One of the primary goals of estate planning is bypassing the probate process. This is a big consideration since probate can take time and money. For most people who are working out an estate plan, it’s important to get their loved ones as much as possible and as quickly as they can.
There are many facets of the probate process that are mystifying to people who have never gone through it It is a good idea for all adults to have an understanding of at least the basics so that they know what to expect if they ever face this type of situation.
Time limits and waiting periods in Pennsylvania
Unlike many other states, Pennsylvania doesn’t have waiting periods for probate cases. Some states have waiting periods of up to 90 days, so residents of this state fare much better. It is imperative that the estate administrator or personal representative start the process soon after the decedent’s death so that everything can be handled expeditiously.
It is possible that the probate process will take longer because of certain factors. For example, if someone contests the will, the process will be halted while the challenge makes its way through the court system. If there are missing heirs or assets, this can make it all take longer, too.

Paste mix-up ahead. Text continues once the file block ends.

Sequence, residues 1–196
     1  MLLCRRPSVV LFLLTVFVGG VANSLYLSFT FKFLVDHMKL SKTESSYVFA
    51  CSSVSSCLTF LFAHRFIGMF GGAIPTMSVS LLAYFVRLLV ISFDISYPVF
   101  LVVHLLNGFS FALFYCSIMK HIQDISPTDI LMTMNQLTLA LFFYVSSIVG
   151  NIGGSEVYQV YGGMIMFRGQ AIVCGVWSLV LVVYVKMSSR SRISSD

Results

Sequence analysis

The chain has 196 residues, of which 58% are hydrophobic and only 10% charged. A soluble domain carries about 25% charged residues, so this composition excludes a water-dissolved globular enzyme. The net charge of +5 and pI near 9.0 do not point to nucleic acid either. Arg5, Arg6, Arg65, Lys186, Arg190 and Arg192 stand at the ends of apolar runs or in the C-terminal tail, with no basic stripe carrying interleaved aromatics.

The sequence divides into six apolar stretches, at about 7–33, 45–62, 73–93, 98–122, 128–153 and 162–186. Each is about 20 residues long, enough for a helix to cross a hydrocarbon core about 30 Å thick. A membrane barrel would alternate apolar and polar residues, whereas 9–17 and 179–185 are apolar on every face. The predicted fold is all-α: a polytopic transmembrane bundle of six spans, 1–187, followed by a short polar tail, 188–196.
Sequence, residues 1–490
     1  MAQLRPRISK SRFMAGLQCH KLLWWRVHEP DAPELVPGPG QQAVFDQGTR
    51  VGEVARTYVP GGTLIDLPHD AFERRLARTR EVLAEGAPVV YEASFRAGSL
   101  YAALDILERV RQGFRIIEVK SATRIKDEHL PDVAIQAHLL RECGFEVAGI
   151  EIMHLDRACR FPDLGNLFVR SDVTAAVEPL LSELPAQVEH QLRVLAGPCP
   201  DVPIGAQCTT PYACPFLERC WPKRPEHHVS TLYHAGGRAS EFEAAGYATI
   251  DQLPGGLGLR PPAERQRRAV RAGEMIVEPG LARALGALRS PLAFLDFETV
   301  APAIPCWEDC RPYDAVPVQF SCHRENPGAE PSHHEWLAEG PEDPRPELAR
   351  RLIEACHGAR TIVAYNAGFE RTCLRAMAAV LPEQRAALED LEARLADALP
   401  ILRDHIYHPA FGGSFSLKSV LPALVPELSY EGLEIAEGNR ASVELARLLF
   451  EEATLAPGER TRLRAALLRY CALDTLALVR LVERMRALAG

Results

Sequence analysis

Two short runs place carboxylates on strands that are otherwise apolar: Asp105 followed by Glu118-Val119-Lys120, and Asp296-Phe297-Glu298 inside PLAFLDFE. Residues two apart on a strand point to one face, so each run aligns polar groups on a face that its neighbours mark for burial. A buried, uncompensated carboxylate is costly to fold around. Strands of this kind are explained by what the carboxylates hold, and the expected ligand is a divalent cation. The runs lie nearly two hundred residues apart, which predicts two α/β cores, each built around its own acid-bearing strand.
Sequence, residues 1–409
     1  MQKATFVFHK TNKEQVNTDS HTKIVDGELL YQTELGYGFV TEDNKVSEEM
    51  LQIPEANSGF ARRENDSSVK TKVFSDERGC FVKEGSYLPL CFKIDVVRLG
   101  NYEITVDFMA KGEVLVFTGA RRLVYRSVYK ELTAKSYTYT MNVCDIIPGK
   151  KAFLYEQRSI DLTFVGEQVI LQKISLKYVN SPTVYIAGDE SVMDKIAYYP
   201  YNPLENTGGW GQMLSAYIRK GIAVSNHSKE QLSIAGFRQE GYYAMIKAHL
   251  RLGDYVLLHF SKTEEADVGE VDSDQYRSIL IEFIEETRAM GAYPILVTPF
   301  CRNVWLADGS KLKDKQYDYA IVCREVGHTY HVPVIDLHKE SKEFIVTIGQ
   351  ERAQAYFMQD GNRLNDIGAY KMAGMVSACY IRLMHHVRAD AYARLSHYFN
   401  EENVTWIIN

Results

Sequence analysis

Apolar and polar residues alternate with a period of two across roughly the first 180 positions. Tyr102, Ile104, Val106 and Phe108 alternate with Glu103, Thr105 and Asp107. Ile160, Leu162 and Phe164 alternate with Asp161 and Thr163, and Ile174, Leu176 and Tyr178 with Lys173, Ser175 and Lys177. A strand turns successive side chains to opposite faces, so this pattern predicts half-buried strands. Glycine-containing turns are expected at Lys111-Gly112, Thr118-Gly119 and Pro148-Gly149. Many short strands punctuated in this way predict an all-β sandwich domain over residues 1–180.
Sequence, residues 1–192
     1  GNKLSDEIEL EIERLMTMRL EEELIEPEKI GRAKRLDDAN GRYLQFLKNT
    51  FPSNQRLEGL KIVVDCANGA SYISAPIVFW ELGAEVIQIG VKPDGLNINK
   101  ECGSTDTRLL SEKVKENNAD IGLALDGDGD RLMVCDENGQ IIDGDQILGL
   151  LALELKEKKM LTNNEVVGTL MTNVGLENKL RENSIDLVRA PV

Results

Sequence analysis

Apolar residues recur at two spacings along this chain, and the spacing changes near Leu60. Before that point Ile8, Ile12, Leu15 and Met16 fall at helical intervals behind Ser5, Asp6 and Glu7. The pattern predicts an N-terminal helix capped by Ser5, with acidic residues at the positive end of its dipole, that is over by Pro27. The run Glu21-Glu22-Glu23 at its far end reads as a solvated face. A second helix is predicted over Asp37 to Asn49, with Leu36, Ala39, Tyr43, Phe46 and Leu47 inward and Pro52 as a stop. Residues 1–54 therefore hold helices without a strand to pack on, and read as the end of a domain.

Costs associated with probate
The actual costs of probate vary considerably, but there are some that are common. The filing fees will apply to all cases. There are also notification fees and certain inventory-related fees. The person handling the estate will also need to file the income taxes, which could be another expense. You should find out what costs are associated with the one you are handling so you can plan accordingly.
Factors that can impact probate
Many different things can affect this process. The presence of a will can make it easier. Trusts usually don’t require attention by the probate court. People who die without an estate plan, which is known as dying intestate, will force their family members to go through probate. The types of assets in a case can also have an impact on how they are handled. For example, assets in joint ownership won’t go through this. Instead, they will be transferred to the surviving party.